“Educate, inform and enthuse.” These are the three essential steps for encouraging HR business partners to get to grips with data, according to Steve Scott, group head of strategic workforce planning and people insight at Lloyds Banking Group. Like Challenger, Scott created “translator roles” to connect the analytics and HR teams. He also sought out “data champions” within HR. Scott says: “I’m not trying to convert HRBPs into data scientists. I want them to be excited about what workforce analytics can do for them.” This approach is bearing fruit. Scott points to a recent success story. The analytics team provided extensive data to HR on a contact centre with high absence levels. An HRBP detected a pattern in the data and recommended the provision of flu jabs to workers in this contact centre. This resulted in a “huge” reduction in absence levels within the contact centre workforce. Scott’s team highlighted this example in an internal communications campaign to promote people analytics to HR, entitled “Look at the impact of what Gemma did.”
For HR departments looking to find an internal partner for people analytics work, Brad Hubbard, global head of people analytics at Bristol-Meyers Squibb, has a recommendation: “Partner with sales. They will always have extensive, clear, well-structured data, for example on the behaviours and skillsets needed to drive individual and team performance.”
3: People analytics can be a force for the greater good.
“What’s our bigger purpose?” All people analytics practitioners should ask themselves this question, argues Matthew Mee, director of workforce and talent analytics at Emsi. “Is it just about solving business problems and creating competitive advantage? Or do we as a profession have an aspiration to do something better?”
People analytics can have a positive impact on the organisation and on society when applied to diversity and inclusion projects, says Nicky Clement, VP of HR, organisation and people analytics at Unilever. “This is the right time to think about the opportunity diversity brings,” she says. Clement notes the prominence of issues such as equal pay, the #MeToo movement and LGBT+ rights, and their importance to millennials when choosing where to work. These factors have helped make diversity and inclusion a strategic imperative for many organisations.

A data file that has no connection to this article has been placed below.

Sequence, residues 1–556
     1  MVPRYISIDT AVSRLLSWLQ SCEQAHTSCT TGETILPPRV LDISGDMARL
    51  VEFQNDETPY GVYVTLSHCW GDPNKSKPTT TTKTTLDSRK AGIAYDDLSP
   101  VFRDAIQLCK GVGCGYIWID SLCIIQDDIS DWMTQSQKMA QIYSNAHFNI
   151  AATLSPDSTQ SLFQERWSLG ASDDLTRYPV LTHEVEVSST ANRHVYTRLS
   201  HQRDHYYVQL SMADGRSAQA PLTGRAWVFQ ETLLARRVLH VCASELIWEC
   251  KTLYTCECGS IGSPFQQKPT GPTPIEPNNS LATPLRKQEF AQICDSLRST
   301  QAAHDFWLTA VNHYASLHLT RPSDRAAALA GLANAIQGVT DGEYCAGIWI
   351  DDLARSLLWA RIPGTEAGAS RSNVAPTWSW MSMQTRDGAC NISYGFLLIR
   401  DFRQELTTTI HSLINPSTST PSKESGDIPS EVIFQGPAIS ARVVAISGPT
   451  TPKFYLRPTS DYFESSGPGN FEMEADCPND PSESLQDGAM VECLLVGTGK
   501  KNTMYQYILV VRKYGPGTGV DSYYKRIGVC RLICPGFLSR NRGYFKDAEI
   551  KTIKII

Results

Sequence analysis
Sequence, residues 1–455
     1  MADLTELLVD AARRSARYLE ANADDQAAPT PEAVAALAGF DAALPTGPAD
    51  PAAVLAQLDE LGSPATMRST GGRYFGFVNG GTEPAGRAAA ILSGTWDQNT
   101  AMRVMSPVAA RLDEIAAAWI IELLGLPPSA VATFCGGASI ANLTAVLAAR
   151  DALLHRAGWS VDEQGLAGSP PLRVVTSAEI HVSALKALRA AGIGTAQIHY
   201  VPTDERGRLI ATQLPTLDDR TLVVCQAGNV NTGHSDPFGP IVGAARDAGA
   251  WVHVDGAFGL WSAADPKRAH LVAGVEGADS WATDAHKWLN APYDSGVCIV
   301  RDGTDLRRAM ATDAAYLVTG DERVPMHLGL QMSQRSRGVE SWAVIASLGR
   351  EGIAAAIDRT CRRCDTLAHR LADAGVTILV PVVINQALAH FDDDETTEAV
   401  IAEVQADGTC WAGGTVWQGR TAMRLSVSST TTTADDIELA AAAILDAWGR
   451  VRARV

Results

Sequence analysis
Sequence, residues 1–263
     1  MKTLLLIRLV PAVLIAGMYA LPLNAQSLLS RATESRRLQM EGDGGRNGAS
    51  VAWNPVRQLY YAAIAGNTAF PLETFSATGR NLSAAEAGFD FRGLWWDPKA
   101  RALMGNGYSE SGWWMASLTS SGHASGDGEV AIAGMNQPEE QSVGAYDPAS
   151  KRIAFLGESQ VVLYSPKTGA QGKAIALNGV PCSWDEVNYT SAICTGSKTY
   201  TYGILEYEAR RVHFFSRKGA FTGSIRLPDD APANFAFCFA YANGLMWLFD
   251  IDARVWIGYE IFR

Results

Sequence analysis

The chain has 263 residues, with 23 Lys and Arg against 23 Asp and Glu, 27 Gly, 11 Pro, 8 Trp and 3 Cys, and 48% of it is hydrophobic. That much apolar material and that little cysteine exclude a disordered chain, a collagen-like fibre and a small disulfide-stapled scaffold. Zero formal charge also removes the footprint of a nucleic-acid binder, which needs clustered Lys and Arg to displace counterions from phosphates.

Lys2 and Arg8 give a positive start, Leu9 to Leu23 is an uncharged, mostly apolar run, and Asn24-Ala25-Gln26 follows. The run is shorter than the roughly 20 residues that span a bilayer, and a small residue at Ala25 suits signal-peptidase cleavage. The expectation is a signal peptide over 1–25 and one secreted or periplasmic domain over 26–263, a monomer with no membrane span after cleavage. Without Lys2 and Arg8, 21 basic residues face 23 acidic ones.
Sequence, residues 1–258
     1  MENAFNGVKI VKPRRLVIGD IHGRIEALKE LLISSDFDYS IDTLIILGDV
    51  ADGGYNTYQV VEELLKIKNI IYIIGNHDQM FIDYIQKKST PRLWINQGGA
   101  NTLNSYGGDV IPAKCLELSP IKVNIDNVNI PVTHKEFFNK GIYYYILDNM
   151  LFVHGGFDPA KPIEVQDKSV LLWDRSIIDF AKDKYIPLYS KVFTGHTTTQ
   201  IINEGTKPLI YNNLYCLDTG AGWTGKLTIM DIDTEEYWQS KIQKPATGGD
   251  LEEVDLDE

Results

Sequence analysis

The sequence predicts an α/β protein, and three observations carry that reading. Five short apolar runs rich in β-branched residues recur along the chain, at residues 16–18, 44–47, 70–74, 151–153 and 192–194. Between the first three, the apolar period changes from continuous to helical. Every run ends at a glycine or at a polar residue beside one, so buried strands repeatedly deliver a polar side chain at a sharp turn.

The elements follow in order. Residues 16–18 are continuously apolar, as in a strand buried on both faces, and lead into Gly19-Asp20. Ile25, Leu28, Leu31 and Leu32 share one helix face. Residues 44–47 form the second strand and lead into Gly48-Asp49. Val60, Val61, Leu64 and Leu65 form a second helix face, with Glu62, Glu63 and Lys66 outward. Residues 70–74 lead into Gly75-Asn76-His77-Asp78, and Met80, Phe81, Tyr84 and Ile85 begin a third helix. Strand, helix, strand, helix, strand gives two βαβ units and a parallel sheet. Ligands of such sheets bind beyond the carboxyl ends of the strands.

Unilever is currently engaged in a long-term project to achieve a gender-balanced workforce by 2020. People analytics has played a key role in this project. Clement started by gathering and analysing a wide range of people data, to identify the factors with the greatest impact on women working at Unilever. Her aim was “to distil themes from around the world to identify actions we can take across the organisation.” She recommends a rigorous approach at this stage: “Invest the time upfront to get datasets right. It’s painful and annoying. But it creates the foundation you need.”
Clement identified a number of specific issues on which to focus: attrition among women; the gender balance of internal promotions; and how many mothers returned from maternity leave. She then worked with business leaders to identify actions on these issues. These actions initially focused on the managerial band, with an emphasis on mentoring and coaching. Unilever also took action to improve its parental and paternity leave offerings, even in territories where there is no legal obligation to provide such leave.
“To really bring actionable insights, you need to bring it to a local level,” says Clement. She took steps to partner with HR. She appointed “ambassadors” for the gender-balanced workforce project in local HR departments. Her team rolled out a Tableau dashboard to make real-time diversity and inclusion data globally available across HR, and trained HR on how to interpret and act on this data.
For diversity and inclusion initiatives to succeed, employers’ commitment to diversity and inclusion must be more than skin deep, Clement stresses. Diversity and inclusion must be embedded into the corporate culture. “If you create an environment in which women are just promoted to meet a quota, it won’t last. Women will move on. We want to raise the floor and raise the ceiling.”
Unilever is making good progress towards achieving its objective. The proportion of women in its global workforce has risen from 38% in 2010 to 49% in 2018. “Analytics has truly made the difference,” says Clement. The ability to communicate data findings in a way that inspires the audience to act is critical: “Tell a story with the data so people feel ownership and interest and a real human need to take action.”